When Heike Armbrust created an exchange program between Germany and America at Warren Central High School, she knew she was taking a risk.
Now, 10 years later, about 400 high school students from both countries have participated in the German American Partnership Program. A partnership with the Anne Frank School in Werne, Germany, allows students to experience each other’s countries, exchange languages and cultures and forge lasting friendships.
“We actually learn how much alike we are and yet how different we can be at times,” said Armbrust, the program’s coordinator.
On Wednesday, students gathered at Warren Central to celebrate the program’s 10th anniversary. What started at the school a decade ago has since grown to an exchange program at South Warren and Greenwood high schools that allows German students to visit in November and American students in June.
Currently, 17 German high school students are staying with local families and attending Warren Central through the three-week program.
Among them is Jari Weber, who wanted to see how closely a real-life American high school matched what he’d seen on TV and in movies.
“I wanted to know if this cliche maybe of a high school is like the same in real life, and it is, pretty much,” Jari joked.
Jokes aside, Jari said he made some good friends he wants to keep in touch with when he returns to Germany. One thing that surprised him about the U.S. was the hospitality he saw, adding that wait staff at restaurants are quick to strike up conversations with their customers.
He was also pleasantly surprised to find he has more in common with American students than he realized.
“It’s good to see that the people here are not that different than the Europeans,” he said, adding he wants to come back someday.
Shannon Ward was talked into hosting a German student by her daughter, a senior at Warren Central. Once the student arrived, Ward didn’t find much difference between both kids, she said.
“Actually, I’m pretty sure that they are the same kid,” Ward said. “They really pair them so that they have the same interests and the same likes and dislikes.”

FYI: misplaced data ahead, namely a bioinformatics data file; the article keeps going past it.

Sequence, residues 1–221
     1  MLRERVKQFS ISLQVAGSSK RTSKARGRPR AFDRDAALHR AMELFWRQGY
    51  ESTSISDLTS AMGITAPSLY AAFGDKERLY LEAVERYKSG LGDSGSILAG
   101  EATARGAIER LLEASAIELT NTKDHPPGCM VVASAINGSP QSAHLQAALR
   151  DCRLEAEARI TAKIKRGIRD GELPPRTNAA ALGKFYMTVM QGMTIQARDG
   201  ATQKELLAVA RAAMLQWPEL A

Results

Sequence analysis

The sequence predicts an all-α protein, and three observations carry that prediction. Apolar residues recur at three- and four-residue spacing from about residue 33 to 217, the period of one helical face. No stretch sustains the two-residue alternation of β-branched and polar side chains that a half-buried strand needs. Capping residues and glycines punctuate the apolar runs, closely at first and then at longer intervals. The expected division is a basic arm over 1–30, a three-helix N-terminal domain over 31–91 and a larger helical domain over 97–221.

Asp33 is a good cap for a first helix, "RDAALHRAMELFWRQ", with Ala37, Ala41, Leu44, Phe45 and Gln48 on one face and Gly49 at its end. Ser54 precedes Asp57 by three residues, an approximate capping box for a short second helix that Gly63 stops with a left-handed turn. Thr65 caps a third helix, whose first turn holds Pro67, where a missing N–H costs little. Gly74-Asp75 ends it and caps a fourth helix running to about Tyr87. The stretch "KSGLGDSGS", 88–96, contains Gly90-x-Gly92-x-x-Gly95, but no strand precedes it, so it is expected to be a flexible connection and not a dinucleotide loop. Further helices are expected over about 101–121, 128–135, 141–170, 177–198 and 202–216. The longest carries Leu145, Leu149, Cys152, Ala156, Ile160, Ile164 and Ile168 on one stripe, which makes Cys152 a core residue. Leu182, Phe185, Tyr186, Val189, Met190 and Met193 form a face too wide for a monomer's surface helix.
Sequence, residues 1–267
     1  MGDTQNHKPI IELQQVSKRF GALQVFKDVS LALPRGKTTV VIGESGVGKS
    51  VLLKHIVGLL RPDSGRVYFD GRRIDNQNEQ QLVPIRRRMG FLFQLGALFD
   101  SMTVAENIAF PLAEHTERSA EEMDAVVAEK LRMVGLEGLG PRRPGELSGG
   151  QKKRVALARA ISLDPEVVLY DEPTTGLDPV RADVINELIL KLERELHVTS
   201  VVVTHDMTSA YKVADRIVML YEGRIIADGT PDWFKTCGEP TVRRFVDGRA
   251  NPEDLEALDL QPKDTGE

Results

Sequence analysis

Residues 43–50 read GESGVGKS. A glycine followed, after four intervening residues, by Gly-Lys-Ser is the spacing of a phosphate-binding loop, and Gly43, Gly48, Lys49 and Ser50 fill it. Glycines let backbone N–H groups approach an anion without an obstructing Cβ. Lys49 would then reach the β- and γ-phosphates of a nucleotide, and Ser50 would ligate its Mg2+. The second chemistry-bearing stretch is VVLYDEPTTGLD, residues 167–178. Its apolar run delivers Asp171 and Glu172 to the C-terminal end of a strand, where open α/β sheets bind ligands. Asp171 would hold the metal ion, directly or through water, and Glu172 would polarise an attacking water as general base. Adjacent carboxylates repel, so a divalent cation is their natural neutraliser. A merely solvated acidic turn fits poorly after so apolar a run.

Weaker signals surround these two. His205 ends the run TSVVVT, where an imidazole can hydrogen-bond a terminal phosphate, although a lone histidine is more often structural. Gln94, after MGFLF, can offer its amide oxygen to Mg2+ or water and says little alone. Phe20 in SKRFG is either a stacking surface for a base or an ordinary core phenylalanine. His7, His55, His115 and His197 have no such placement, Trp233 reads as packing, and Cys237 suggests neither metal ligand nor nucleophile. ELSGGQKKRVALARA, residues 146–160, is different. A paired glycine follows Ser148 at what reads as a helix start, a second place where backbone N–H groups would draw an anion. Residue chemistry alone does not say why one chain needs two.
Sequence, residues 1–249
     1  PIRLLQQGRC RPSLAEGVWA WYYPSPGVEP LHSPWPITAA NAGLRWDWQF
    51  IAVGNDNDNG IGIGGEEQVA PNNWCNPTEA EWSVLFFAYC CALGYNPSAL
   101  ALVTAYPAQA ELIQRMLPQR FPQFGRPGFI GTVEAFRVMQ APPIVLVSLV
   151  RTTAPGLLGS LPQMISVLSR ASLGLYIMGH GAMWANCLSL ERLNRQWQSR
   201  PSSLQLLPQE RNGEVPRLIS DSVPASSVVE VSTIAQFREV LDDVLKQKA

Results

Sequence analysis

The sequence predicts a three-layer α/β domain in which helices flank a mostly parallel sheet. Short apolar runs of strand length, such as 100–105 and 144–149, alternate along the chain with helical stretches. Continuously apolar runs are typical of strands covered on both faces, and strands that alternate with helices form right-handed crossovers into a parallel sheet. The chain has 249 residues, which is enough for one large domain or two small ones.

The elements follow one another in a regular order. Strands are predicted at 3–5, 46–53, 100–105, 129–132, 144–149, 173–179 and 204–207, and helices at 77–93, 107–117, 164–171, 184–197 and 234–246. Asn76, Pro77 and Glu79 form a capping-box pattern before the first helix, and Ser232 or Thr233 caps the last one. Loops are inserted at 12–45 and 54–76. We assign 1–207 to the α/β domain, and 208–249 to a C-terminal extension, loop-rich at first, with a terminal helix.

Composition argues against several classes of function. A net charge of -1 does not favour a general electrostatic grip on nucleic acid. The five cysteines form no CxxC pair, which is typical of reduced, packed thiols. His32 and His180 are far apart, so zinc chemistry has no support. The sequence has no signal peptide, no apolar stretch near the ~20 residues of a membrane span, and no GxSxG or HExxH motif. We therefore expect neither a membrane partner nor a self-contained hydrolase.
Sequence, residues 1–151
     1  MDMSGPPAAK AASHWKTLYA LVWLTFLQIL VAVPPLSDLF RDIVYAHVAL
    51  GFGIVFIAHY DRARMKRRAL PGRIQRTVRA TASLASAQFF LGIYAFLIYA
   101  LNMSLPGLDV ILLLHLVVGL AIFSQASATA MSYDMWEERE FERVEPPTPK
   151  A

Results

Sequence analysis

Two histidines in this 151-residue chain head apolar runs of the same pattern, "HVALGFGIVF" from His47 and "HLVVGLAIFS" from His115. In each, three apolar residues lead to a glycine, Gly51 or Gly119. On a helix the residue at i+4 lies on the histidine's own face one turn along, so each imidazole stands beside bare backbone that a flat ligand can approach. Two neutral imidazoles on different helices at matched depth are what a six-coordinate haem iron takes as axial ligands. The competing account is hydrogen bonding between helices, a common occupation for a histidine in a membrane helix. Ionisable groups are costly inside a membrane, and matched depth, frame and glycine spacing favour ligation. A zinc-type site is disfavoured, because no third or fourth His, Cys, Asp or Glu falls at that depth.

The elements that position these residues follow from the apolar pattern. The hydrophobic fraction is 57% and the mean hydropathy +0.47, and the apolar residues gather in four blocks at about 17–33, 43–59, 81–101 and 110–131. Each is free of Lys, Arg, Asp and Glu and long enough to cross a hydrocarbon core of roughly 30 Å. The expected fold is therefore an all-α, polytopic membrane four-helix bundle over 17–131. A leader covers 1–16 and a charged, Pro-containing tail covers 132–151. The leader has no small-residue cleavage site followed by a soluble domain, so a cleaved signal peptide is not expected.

The experience has brought both their families together, Ward said.
“It really has been a great experience,” she said. “I can see them being friends and continuing to stay in touch and us staying in touch. We’ve enjoyed it a lot.”
The students got to take in American culture outside of school through field trips to the Louisville Slugger Museum, Cumberland Falls, Frankfort and Buffalo Trace Distillery.
Along with the cultural exchange, students get the chance to practice language skills. German student Svenja Grabowski said the experience has helped her improve her English while making new friends. With the program being her first experience in America, there’s a lot that’s new, she said.
“It’s different and the food is different and school is different, but it’s really good here,” she said.
The German American Partnership Program could be seen as a model by other schools hoping to broaden their students’ horizons. Armbrust and co-sponsor Nicole Whitescarver, who teaches at Greenwood, have presented the program at various conferences hoping to inspire future GAPP teachers.
Armbrust hopes the program will help push students into new experiences and get them interested in studying a foreign language more deeply, something that ultimately benefits the workforce, she said.
“Once you have left your comfort zone and tried something like this and said it’s a good experience and I gained so much, you’re more likely to do it again,” she said.